Catch the supernova in the Whirlpool Galaxy

Posted by David Eicher
on Wednesday, June 08, 2011

If you haven't yet seen the "new star" in one of our favorite galaxies, M51 in Ursa Major, I encourage you to do so on the next clear night. The supernova erupted in the Whirlpool Galaxy on May 31 and was first observed by French amateur astronomer Amédée Riou. A German astronomer, Thomas Griga, confirmed the observation the next day and soon thereafter the supernova, the third in M51 in the past 17 years, was widely known among astronomers.

Photo Credit: R. Jay GaBany

The supernova, designated SN 2011dh, currently glows at about 14th magnitude, making a reasonably sized amateur instrument - a scope in the 10- to 12-inch range - necessary to see it. Imaging the supernova can be done with a much smaller telescope, of course.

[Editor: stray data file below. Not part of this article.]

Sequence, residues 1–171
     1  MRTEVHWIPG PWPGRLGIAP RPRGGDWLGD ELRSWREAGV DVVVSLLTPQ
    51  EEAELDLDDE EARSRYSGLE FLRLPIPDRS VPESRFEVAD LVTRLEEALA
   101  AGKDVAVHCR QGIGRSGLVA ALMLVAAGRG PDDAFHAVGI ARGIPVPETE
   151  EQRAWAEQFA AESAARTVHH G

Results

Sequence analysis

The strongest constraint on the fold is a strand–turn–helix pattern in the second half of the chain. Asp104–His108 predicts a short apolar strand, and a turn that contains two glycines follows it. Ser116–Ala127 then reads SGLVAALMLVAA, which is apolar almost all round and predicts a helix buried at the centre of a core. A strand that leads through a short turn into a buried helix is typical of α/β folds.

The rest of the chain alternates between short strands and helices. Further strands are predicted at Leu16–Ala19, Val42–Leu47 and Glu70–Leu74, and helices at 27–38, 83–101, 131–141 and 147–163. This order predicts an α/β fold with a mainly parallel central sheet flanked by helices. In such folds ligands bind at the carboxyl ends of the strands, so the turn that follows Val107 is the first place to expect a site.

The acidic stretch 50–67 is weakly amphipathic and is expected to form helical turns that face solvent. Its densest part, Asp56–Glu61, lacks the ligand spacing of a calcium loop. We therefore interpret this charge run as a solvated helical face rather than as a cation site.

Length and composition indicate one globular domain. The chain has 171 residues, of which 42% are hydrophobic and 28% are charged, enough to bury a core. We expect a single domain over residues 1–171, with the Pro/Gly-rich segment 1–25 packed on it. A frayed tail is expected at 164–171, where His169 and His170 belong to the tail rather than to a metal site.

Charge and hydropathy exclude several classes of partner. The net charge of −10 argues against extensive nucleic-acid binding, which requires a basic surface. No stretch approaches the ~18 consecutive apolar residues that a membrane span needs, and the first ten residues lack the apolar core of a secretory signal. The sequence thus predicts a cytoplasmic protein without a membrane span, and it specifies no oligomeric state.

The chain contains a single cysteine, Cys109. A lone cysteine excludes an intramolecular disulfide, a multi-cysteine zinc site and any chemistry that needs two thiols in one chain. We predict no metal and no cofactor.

Photo Credit: Anthony Ayiomamatis

The galaxy lies about 26 million light-years away, meaning the star actually exploded roughly 26 million years ago and that we are just seeing the flash of light now. It's a relatively rare event in such a bright and well-known galaxy, and I encourage you to check it out.

I am posting two spectacular photos of the galaxy and the new supernova: a color shot that is quite breathtaking, and a reference image in black and white that shows the supernova's position. Enjoy!

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